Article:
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SALT LAKE CITY — Trinity AME Church on Tuesday held a press conference on the 252nd birthday of Bishop Richard Allen, a man who never came to Utah but has had a profound impact on our culture.
Salt Lake City Mayor Ralph Becker declared Tuesday Bishop Richard Allen Day. Read his proclamation here.
Richard Allen was born a slave in 1760. Freed 20 years later, he became a teacher, writer, minister and founder of the African Methodist Episcopalian Church.
Tuesday Utahns came together at Salt Lake's AME church to celebrate the 252nd birthday of Bishop Allen, a man who inspired the abolitionists of his time and the civil rights movement of ours.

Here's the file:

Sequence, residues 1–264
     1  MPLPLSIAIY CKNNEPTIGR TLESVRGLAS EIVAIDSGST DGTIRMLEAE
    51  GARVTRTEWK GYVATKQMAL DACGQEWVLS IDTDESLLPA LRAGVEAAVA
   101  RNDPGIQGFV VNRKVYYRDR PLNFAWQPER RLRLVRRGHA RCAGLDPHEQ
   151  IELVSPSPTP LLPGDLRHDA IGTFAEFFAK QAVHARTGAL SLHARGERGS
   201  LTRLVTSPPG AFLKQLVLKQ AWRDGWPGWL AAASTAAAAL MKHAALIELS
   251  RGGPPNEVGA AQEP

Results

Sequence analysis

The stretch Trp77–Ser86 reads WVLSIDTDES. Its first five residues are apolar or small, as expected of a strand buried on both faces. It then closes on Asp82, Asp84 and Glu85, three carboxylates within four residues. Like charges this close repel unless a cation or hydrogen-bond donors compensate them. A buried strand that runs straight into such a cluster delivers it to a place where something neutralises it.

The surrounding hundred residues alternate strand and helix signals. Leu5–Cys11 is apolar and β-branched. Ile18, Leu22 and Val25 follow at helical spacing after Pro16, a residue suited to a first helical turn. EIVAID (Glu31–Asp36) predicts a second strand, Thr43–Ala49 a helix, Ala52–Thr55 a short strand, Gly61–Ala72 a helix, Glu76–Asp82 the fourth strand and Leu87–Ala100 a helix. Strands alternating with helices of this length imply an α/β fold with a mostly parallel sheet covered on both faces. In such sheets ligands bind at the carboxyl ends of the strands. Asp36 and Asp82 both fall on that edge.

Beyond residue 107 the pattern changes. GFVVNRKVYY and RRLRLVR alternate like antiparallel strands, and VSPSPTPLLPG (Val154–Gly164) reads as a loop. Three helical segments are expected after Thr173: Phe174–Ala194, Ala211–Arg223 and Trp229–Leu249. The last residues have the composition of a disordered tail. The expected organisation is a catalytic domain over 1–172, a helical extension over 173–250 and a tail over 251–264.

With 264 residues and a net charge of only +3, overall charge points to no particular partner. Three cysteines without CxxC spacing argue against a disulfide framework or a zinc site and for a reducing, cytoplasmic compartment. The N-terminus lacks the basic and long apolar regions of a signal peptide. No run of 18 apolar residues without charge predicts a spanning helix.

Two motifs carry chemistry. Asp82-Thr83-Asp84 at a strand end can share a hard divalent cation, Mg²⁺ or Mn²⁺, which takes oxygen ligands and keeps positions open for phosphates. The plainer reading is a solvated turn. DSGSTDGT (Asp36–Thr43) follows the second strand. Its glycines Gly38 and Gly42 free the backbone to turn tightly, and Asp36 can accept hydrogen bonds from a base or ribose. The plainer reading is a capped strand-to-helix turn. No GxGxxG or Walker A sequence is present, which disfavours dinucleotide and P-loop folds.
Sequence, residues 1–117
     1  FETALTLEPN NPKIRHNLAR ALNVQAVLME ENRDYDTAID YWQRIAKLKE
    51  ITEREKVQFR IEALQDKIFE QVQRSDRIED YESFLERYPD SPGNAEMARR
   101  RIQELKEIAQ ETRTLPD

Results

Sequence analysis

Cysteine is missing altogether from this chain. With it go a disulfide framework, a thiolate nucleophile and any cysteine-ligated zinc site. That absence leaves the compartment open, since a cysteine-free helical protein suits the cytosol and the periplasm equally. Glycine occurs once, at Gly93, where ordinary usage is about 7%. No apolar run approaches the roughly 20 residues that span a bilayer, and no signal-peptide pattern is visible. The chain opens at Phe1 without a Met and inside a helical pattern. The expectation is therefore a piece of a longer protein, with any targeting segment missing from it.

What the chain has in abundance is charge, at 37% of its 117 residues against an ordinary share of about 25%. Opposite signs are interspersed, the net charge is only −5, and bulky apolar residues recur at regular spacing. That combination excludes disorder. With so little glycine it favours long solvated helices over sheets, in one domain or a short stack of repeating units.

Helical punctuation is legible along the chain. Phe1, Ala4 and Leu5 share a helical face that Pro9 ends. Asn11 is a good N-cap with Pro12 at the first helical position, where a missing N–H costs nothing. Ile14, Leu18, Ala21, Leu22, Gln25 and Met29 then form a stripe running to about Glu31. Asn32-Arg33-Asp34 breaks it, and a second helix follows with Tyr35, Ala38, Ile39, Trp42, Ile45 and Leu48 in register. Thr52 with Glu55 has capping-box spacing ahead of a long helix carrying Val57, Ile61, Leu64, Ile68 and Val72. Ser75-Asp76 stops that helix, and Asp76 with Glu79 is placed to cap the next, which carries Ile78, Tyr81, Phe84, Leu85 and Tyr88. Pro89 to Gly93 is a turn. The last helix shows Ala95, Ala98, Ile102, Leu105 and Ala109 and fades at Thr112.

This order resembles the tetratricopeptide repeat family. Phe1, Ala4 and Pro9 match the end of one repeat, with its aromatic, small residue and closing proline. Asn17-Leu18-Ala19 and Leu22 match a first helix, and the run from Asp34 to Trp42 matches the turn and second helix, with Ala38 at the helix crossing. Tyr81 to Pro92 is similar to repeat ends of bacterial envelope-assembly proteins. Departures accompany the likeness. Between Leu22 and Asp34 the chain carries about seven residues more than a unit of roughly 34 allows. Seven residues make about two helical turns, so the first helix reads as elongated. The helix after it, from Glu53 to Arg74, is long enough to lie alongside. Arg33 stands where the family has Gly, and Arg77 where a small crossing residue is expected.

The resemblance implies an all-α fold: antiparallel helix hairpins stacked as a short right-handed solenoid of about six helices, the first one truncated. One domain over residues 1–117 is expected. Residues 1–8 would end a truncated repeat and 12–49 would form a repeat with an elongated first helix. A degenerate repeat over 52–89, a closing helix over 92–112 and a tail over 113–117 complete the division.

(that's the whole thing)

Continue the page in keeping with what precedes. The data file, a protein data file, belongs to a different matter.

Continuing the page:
- Born Feb. 14, 1760 in Philadelphia
- Born a slave, sold to a planter in Delaware, then obtained freedom
- First bishop of African Methodist Episcopal Church, 1816
- Church founded on principles of the power of divine love
- Died March 26, 1831 in Philadelphia
Alan Scott Bachman, chairman of the Salt Lake Interfaith Roundtable said, "Bishop Allen was a man of love. He was a man who wanted all people to be free - black people, white people, people of every color - to be free."
The Salt Lake Interfaith Roundtable has launched a campaign to help raise renovation funds for the 105-year- old AME church located at 239 E. 600 South in Salt Lake. It's trying to raise $300,000.
The building is on the national and state registers of historic places.
Contributing: Richard Trishman